And now for something completely different… This is a repost with a difference – it’s an edited interview I did with London scientist Chris McManus way back in September 2007. This has a fond place in my heart, for it was the first proper freelance writing assigment that I did after winning the Telegraph’s Science Writer award. This is where all the cool freelancing began. It was originally published on Nature Network, but I note that their news archives have disappeared. As such, here it is again.
McManus, a Professor of Psychology and Medical Education at UCL, is an expert on asymmetry and left-handedness. He won the Aventis Prize for Science Books in 2002 with his first book – Right Hand, Left Hand. Now, he’s turned his attention to the rise and fall of left-handedness during British history.
About 11% of the British population is currently left-handed. But that wasn’t always the case. Among people born in 1900, the proportion of lefties was just 3%. McManus and Alex Hartigan from University College London worked this out with the help of old films made at the turn of the 19th century and recently restored.
What made you want to study historical rates of left-handedness?
People have always assumed that the rate of left-handedness has been constant throughout history but it’s never been properly explored. Recent data showed us that left-handedness was less common in people born at the beginning of the twentieth century than those born later, by a factor of four.
We wanted to find out what happened before that and why things changed. But of course, there’s very little data. People have talked about left-handers in the literature since the time of Aristotle but they never say how many there were.
How did you find out?
It was a stroke of luck. We came across these wonderful films by Mitchell and Kenyon, made between 1900 and 1906, where they filmed people coming in and out of factories. They’re wonderfully evocative films. You really get a sense of that late Victorian era.
We noticed that the people in the films waved whenever they saw the camera. My student, Alex Hartigan, went through this footage and recorded every time someone waved and which hand they used.
We all have a personal bubble, an invisible zone of privacy around our bodies. When strangers cross this boundary, it makes us feel uncomfortable. But not all of us – Daniel Kennedy from the California Institute of Technology has been studying a woman known only as SM, who lacks any sense of personal space.
SM suffers from a rare genetic disorder called Urbach-Wiethe disease, that causes parts of the brain’s temporal lobes to harden and waste away. This brain damage has completely destroyed SM’s amygdalae, a pair of small, almond-shaped structures that help us to process emotions.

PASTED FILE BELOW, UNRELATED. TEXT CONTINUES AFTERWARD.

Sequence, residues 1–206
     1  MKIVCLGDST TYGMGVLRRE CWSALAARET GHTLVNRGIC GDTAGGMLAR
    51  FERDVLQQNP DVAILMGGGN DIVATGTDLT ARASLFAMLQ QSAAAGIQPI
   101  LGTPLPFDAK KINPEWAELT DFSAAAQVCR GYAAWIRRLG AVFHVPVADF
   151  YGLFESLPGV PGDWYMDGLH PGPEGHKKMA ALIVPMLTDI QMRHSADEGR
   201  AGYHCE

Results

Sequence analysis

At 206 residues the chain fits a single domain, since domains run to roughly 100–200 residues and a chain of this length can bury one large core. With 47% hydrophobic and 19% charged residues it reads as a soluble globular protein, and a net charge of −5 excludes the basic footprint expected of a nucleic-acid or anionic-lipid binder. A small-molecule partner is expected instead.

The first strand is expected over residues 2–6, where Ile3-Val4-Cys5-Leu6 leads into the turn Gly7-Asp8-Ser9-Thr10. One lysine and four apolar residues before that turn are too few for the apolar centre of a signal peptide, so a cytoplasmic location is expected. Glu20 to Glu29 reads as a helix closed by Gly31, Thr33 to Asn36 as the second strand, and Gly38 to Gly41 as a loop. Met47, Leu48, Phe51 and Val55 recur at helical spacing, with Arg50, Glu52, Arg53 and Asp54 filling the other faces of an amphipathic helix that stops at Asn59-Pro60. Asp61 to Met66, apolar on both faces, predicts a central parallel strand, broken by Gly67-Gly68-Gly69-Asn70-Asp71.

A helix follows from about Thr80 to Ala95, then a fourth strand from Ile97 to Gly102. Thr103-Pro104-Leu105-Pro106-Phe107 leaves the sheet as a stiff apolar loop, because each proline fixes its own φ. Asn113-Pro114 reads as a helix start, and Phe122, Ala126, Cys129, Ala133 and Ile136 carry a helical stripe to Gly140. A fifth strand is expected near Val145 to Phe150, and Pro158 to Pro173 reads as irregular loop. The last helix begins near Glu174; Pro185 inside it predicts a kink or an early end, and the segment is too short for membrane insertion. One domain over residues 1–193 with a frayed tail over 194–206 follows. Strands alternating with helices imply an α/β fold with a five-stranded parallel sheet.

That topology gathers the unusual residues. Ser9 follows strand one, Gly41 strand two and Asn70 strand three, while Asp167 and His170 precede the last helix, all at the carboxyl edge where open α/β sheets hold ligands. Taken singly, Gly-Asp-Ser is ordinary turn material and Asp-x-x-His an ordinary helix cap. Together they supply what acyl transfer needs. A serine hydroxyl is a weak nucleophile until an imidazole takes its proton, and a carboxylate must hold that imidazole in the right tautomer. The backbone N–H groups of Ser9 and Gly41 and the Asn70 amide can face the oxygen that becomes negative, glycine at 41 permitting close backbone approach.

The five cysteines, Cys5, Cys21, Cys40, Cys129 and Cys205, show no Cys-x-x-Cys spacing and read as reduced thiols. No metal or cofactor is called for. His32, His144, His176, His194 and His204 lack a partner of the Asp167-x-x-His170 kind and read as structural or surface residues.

Kennedy asked her to say when she felt most comfortable as a female experimenter walked towards her. On average, she preferred a distance of around a foot, about half the usual two-foot gap that 20 other normal people demanded. SM’s lack of boundaries remained whether she walked towards her partner or vice versa, whether they were looking away or at each other, and whether they started close by or far apart.
The fact that SM had a boundary at all was probably because at close distances, it’s hard to see people. She said time and time again that she was actually comfortable at any distance, and during one trial, she actually walked all the way to her partner until they were actually touching. Even when they were making direct eye contact and touching nose-to-nose, she only rated the experience as 1 on a comfort scale of 1 to 10, where 1 is perfectly comfortable and 10 is a level of discomfort that only the British can survive. When a male stranger talked to her up close, she again rated the chat as a 1 (even though he gave it a 7).
SM has been working with this group of researchers, led by Ralph Adolphs, for over a decade but her comfort didn’t stem from simply knowing her partner well. When Kennedy tested two other people who also knew the scientists equally well, but didn’t have damaged amygdalae, they were much less accommodating with their personal space than SM was. Nor did SM simply put her discomfort to heel – she knew that Kennedy was “up to something”, but so did the male stranger and that did nothing to allay his discomfort.
In fact, it was clear that SM understood the concept of personal space. She thought it was smaller than most people’s, and she said that she didn’t want to make other people too uncomfortable by standing too close to them. She estimated that people feel most comfortable about 1.5 feet apart – that’s an underestimate but it’s still larger than her own preference.
Kennedy’s experiments suggest that our sense of personal space comes from the amydgala. Indeed, when he scanned the brains of a small group of volunteers, their amygdalae were more active when someone was standing close to the scanner than when they were keeping their distance.
Kennedy thinks that the amygdala, with its pivotal role in emotional processing, governs the emotional kick we feel when people enter our personal zone. Without it, we remain unfazed by close proximity. What’s less clear is how this affect changes as we get to know people better. Why is it that friends and loved ones are allowed (or positively encouraged) to stay nearer than strangers are?